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Current Trends in Copper Theft Prevention by lvs94353

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									Current Trends in
  Copper Theft
   Prevention

Aldo Mastrofrancesco, P.Eng
EDIST Conference 2009
      January 15, 2009

                    Electrical Distribution Safety
                         OUTLINE

• Problem & Consequence
• Background – Copper Demand
• Safety Hazards
• Technologies & Techniques used to combat
  Copper Theft
• Developing a Security Strategy for Utilities
• ESA Efforts

                                  Electrical Distribution Safety
Problem & Consequences




               Electrical Distribution Safety
Problem
• Demand for copper increases globally.
• Increase demand and reduced
   production equals increased price
• Thieves are stealing copper because it
   can easily be turned into cash.

Consequences
• Copper theft poses serious safety
  hazards to the public and workers.
• Economic Impact – costly replacement
  and repair to equipment damaged.
• Power outage – affects grid reliability
                                       Electrical Distribution Safety
Background - Copper Demand




                 Electrical Distribution Safety
•Physical Properties
    •Malleable & Ductile - can be bent and shaped
    without cracking, when either hot or cold
    •Excellent conductor of heat
    •Copper is second to silver in its ability to
    conduct electricity
    • It is resistant to corrosion, it will not rust
    •Eventually, it is coated with a green film called
    a "patina" that stops all further corrosion
•Chemical Properties
    •Atomic number: 29
    •Atomic mass: 63.546 g.mol -1
    •Density: 8.9 g.cm-3 at 20°C
    •Melting point: 1083 °C
    •Boiling point: 2595 °C
    •Isotopes: 6

                                                         Electrical Distribution Safety
Uses
• Electrical wiring/cables
• Water and Gas Piping
• Currency, the Penny was 95% copper
• Household items, such as cooking pots
• Two radioactive isotopes of copper are used in medicine
    •Copper-67 treats cancer
    •Copper-64, is used to study brain function and to
    detect Wilson’s disease



                                   Electrical Distribution Safety
Electrical Distribution Safety
The Law of Domestic Supply and Asian Demand
• In 2002 Copper was just above $1.00 per pound CAD.

• In Early 2003, investors took note of “Emerging Asia” which involved China and
it’s 20% Growth Rate! – China starts buying lots of copper.

• Oct 2003 an Indonesian Copper Mine collapsed – price of Copper spiked close
to $2.00 per pound CAD.

• Early 2004 Demand for metal was picking up in Europe and North America too,
as new construction continued and the military machine warmed up for a coming
war in Iraq. – In the meantime China keeps buying copper.

• Late 2004 a strike at a Chile Copper Mine – price of copper spiked to over $2.50
per pound CAD in 2005. – China keeps buying.

• Mid 2006 Copper Price hits over to $4.50 per pound CAD – China Keeps buying.
World entered into a “deficit condition” copper production fell below consumption.
                                                     Electrical Distribution Safety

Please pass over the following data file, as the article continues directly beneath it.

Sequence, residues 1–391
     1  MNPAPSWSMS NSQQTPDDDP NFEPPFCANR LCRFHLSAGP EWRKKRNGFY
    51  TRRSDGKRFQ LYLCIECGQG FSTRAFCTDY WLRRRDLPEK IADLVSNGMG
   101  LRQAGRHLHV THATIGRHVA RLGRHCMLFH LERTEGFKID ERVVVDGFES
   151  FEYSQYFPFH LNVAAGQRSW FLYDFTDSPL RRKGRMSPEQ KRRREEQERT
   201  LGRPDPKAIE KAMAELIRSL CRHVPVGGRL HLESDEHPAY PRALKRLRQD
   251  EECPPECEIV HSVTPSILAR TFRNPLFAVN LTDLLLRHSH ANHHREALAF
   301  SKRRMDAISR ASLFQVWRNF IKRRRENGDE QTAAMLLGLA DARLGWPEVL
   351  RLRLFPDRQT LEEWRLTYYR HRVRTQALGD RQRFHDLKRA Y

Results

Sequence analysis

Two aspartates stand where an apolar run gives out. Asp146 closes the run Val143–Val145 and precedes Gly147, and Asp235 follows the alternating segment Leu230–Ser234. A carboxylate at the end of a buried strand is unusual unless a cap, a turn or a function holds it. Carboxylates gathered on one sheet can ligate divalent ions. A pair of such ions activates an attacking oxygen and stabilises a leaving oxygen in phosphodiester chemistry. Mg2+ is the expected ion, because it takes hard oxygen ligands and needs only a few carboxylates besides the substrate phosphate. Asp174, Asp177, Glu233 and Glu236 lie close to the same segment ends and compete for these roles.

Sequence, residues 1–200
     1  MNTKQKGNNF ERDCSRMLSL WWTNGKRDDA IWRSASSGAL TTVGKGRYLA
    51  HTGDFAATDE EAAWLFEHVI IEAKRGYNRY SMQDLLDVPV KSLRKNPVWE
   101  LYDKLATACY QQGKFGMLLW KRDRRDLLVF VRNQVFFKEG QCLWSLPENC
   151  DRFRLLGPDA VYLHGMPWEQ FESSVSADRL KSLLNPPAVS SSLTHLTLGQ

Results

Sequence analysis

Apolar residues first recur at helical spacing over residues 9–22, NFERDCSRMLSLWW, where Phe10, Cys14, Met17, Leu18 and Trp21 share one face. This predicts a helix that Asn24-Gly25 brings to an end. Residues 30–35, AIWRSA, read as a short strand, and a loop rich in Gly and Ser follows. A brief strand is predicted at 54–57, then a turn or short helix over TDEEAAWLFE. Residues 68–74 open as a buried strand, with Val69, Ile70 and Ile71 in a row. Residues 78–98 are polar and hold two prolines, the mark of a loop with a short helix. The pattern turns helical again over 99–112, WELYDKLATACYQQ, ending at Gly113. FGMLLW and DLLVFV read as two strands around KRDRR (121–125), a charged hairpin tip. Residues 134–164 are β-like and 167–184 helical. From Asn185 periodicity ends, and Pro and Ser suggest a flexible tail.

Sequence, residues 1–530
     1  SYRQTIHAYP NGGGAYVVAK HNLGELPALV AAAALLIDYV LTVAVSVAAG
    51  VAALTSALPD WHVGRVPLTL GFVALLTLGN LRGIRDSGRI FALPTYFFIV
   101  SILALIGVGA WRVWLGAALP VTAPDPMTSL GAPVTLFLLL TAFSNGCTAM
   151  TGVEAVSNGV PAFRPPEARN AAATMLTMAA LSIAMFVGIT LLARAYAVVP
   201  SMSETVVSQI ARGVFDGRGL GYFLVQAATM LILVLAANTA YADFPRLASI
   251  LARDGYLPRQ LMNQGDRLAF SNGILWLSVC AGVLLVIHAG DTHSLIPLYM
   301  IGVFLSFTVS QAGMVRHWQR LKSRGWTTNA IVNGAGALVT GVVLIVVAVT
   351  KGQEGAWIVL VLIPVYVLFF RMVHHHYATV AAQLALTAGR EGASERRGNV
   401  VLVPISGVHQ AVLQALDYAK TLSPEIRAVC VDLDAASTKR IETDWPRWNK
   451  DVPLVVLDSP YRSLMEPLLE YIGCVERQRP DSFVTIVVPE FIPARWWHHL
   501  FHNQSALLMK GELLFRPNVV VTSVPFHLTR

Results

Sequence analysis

Stolen Copper is Easily Turned into Cash
•More copper consumed in North America is supplied by recycling
than from domestic production, making copper recycling a major
industry.

• Significant demand for recycled copper means that any copper
delivered to a scrap dealer will quickly be turned into cash.

• Depending on demand in the area, a scrap dealer may pay near-
market prices for pure copper, i.e., copper wire stripped of all
insulation.




                                            Electrical Distribution Safety
Safety Hazards - Theft of Copper




                     Electrical Distribution Safety
                  Safety Hazard

• Hazards left behind after the thief vacates
  the station with the stolen copper.




                             Electrical Distribution Safety
                        Safety Hazards
• Site left unsecured:
  – Fact: Majority of LDC substations are located in
    residential areas.
  – In the act of stealing copper thieves often must
    gain entrance to substations, usually by:
     • Compromising the key/door mechanism
     • Bolt cutting the lock on gates or doors
     • Wire cutting the chain-link fence
  Attempt to steal copper can leave substations
    unsecured & easily accessible to children & other
    members of the public.
  Substation employees must be vigilant: Check fence
   perimeter prior to entering a substation, look for
   gate/fence grounding or signs of intrusion.
                                       Electrical Distribution Safety
                     Safety Hazards

• Theft of Substation Ground Grid
  – Stealing copper grounds at a substation will leave
    the station & it’s protective fencing potentially
    energized at a high voltage under faulted or
    transient conditions.
  – You don’t have to be inside the substation to get
    hurt or killed, affected are:
    • children playing nearby
    • passerby
    • LDC or other workers



                                  Electrical Distribution Safety
                    Safety Hazards

• Theft of Transformer Neutrals
  – Theft of transformer neutral grounds from a
    station will cause LDC protection to not
    operate properly – this can cause power
    surges in homes.
  – Incident in 2006 for the Windsor area where
    12 homes had minor appliance fires due to
    power surges, the incident was a direct cause
    of the station protection system not operating
    due to copper theft of transformer neutrals.



                                  Electrical Distribution Safety
Technologies & Techniques to
    Combat Copper Theft




                  Electrical Distribution Safety
              Technologies & Techniques to
                  Combat Copper Theft
• Hybrid Steel & Copper Alternative:
  – Solid Steel Core – very hard to cut
  – Thick copper cladding – high
    conductivity & resists corrosion
  – Users are NB Power & BC Hydro
  – Can be used in place of copper for